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52 pages for 12 more years How Russia’s Constitutional Court justified letting Putin stick around and a whole lot more

Source: Meduza
Pyotr Kovalev / TASS / Vida Press

Russia’s Constitutional Court took all of two days to review the country’s proposed constitutional amendments and deem them legitimate. The Court’s judges also approved the procedure prescribed in the amendment bill for its own adoption, a process that has no precedent in Russian law or jurisdiction. In their ruling, the judges explained why they found that the “fundamental,” or unalterable, sections of Russia’s current constitution do not contradict a wide range of new measures, including “zeroing out” the presidential term count for Vladimir Putin. The judges also argued that banning same-sex marriage in the Constitution is not discriminatory, and neither is a preamble calling ethnically Russian people the foundation of the Russian state. The Court’s decision was not unexpected: 11 of its 15 judges are Putin appointees, including current Chief Judge Valery Zorkin. Denis Dmitriev summarized the key points of the ruling.

On free speech limits

Prohibiting speech that calls for the secession of Russian territories does, of course, place limits on free speech. However, these limits are “constitutionally acceptable.”

On religion

Including language in the Constitution about faith in God that has been passed on to us from our ancestors does not imply a rejection of secular governance or freedom of conscience. However, it will now be necessary to consider “the historically significant sociocultural role” of religion in the implementation of government policy.

On the people foundational to the Russian state

The ethnos foundational to the Russian state’s formation is the Russian ethnos. The objective recognition of this role does not diminish the merits of other ethnic groups.

On marriage as a union of a man and a woman

Russia has the right to make decisions on individual questions regarding sexual relations as well as personal relationships that are tied to sexual ones. It has the right to do so by leaning on traditional ideas of family values “in the context of the traditional and confessional composition of Russian society.” Plus, one of the purposes of the family is to produce children. Nobody can force Russia to recognize same-sex unions. Neither can a ban on them be called discriminatory. The state must not permit individuals’ rights to be violated on the basis of sexual orientation. 

On the supremacy of the Constitution over international agreements

Nobody is backing out of any international agreements here. The Constitutional Court may simply allow for individual decisions made by international bodies or courts not to be enforced. However, the purpose of that power is not refusal to comply. On the contrary, it’s for “the development of constitutionally acceptable means to enforce these decisions.” Russia’s Constitution stands above all.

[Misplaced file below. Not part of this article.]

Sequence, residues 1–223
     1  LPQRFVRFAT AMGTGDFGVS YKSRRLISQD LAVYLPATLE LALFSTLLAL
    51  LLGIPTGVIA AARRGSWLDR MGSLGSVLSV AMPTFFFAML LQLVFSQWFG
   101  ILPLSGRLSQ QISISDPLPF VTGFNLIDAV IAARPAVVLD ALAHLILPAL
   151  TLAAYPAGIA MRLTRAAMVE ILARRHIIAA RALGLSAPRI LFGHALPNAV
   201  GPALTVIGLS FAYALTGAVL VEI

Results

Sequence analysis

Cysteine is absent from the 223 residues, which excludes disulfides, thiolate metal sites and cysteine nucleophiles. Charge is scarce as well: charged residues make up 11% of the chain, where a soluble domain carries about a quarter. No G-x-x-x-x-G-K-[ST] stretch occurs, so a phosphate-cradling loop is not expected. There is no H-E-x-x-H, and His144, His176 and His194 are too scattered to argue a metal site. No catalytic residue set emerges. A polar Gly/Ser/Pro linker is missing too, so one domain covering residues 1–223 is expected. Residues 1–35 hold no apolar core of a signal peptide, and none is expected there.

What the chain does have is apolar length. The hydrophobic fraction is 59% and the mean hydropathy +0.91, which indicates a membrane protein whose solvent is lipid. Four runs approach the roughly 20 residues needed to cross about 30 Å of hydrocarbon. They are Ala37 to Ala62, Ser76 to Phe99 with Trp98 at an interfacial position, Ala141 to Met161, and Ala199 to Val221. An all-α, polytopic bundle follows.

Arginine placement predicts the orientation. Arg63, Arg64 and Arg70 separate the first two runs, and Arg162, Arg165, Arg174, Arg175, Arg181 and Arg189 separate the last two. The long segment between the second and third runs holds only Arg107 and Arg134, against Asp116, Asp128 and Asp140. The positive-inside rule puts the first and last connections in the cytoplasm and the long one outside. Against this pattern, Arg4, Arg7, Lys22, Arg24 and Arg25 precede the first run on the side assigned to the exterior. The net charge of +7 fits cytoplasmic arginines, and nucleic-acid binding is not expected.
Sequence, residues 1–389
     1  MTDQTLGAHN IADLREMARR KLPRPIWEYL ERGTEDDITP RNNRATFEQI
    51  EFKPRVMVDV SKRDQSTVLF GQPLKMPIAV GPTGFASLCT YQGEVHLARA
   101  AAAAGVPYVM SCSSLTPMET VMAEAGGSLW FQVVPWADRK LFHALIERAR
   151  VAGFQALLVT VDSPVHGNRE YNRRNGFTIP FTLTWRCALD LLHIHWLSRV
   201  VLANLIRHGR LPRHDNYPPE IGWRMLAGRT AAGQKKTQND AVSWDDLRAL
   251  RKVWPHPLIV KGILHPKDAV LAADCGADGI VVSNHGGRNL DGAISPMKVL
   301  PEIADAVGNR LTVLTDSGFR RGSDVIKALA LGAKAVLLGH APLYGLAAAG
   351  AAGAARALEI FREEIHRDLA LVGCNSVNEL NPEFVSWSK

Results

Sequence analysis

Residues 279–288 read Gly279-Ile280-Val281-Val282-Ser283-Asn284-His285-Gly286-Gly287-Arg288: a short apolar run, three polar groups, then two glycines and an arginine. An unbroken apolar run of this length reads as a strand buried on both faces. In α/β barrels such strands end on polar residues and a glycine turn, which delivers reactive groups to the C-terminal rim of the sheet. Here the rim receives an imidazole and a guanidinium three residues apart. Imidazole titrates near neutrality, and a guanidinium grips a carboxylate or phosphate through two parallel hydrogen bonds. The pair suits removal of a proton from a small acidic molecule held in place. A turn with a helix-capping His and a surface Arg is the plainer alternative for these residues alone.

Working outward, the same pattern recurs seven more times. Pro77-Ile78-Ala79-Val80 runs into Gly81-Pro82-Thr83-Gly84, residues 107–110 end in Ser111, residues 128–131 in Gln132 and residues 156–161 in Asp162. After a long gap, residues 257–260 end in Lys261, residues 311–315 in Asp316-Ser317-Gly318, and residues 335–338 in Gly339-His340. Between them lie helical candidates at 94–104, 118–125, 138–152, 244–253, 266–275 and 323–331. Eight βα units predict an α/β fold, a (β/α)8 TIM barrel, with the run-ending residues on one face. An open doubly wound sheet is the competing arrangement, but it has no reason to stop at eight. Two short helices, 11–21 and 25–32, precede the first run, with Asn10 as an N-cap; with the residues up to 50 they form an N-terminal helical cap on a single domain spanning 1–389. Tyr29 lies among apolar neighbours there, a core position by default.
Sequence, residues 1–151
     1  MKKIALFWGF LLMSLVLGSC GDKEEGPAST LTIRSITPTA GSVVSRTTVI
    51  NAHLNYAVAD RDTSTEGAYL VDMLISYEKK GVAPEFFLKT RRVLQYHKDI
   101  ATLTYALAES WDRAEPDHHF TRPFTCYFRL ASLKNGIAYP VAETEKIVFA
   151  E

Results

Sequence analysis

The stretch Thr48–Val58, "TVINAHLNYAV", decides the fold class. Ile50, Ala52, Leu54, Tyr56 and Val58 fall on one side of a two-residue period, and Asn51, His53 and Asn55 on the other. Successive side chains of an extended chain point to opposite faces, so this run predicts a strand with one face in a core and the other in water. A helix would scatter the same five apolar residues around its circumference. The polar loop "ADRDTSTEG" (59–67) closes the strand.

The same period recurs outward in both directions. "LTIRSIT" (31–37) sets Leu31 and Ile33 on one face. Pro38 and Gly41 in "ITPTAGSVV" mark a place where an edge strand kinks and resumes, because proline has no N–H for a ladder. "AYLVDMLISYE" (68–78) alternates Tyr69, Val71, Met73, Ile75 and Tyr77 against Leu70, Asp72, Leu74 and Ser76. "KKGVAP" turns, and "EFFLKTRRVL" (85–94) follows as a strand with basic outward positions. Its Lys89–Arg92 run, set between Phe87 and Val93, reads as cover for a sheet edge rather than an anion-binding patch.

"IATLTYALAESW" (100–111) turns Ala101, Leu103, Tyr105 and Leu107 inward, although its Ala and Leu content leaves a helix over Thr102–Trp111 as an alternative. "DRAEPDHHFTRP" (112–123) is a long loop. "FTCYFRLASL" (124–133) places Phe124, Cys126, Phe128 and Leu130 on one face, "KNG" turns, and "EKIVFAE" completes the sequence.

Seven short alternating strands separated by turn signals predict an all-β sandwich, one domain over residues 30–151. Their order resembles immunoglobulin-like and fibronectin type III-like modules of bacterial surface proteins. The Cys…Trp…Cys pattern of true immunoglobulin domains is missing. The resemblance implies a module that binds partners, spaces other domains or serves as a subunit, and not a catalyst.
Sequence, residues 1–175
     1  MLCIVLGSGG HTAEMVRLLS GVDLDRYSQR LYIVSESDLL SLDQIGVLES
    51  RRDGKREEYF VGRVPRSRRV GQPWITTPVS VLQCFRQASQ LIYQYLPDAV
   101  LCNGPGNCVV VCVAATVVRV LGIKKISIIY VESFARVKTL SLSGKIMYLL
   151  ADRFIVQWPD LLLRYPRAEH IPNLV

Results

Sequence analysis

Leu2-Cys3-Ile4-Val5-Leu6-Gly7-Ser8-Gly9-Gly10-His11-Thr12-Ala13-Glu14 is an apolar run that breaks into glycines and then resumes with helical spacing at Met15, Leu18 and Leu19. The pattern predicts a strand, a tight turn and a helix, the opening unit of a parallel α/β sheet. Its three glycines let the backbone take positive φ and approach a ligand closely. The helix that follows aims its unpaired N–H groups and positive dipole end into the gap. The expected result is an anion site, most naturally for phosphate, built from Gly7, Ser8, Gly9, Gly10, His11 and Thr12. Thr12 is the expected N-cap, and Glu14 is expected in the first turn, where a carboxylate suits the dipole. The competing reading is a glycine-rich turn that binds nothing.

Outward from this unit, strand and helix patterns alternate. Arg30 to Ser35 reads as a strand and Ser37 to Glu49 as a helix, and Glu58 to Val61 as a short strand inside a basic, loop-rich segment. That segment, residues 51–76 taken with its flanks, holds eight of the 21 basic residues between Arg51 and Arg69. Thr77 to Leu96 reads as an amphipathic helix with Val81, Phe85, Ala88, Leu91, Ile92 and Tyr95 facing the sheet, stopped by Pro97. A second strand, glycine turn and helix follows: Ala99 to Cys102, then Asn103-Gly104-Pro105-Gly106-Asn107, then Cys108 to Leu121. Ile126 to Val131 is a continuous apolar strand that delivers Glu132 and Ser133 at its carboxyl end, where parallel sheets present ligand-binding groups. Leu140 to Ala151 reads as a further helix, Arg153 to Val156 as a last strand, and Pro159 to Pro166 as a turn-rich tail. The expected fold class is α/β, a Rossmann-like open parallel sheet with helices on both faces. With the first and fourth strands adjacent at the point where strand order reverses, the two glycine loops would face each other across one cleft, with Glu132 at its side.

On increased presidential powers

Creating new mechanisms and altering existing mechanisms to shift the system of checks and balances in favor of the president is in line with the principle of separation of powers and with the nature of the presidency. For example, even now, some ministers and agencies are directly subordinate to the president, circumventing the prime minister in the chain of command. Now, this practice will simply receive constitutional legitimacy. Say a president does take extreme action such as forcing the resignation of every judge on the Supreme and Constitutional Courts. The details of such a procedure have not yet been fleshed out in writing, but it would likely only protect the judges from “unmotivated and entirely unfounded terminations of their powers.”

On stricter requirements for presidential candidates

Of course, all citizens are equal regardless of how they received citizenship, and everyone has the right to run for election. They just don’t have that right at every time or for every role. The president’s special status dictates that special requirements should be applied to candidates for that post. Here, an exception from the general rule is justified. It is necessary to guarantee that candidates have “legal and emotional (spiritual-cultural) ties to the Russian state.” That’s why we must say no to any president who is a naturalized citizen: We cannot be sure that their legal ties to Russia are stable.

The proposed ban on presidential candidates holding real estate abroad, even in the past, should not affect Vladimir Putin. An individual who has lived abroad can run for president if they were “serving the Russian Federation or the Union of SSRs” at the time.

On the nullification of presidential term counts

Why not. This transitional measure does allow Vladimir Putin to run for election in the future and, in theory, to occupy the post of president of Russia for more than two terms, even consecutively. But the citizens may still choose not to elect him. Here, too, we must consider “the concrete historical facts surrounding the selection of appropriate measures, including threat levels facing our government and society, the state of our political and economic systems, etc.” Zeroing out Putin’s term count does not threaten democracy: After all, we have a developed parliamentary system, a true multi-party system, political competition, an effective separation of powers model, and an independent court system. And anyway, every president after this will definitely be replaceable.

Summary by Denis Dmitriev

Translation by Hilah Kohen

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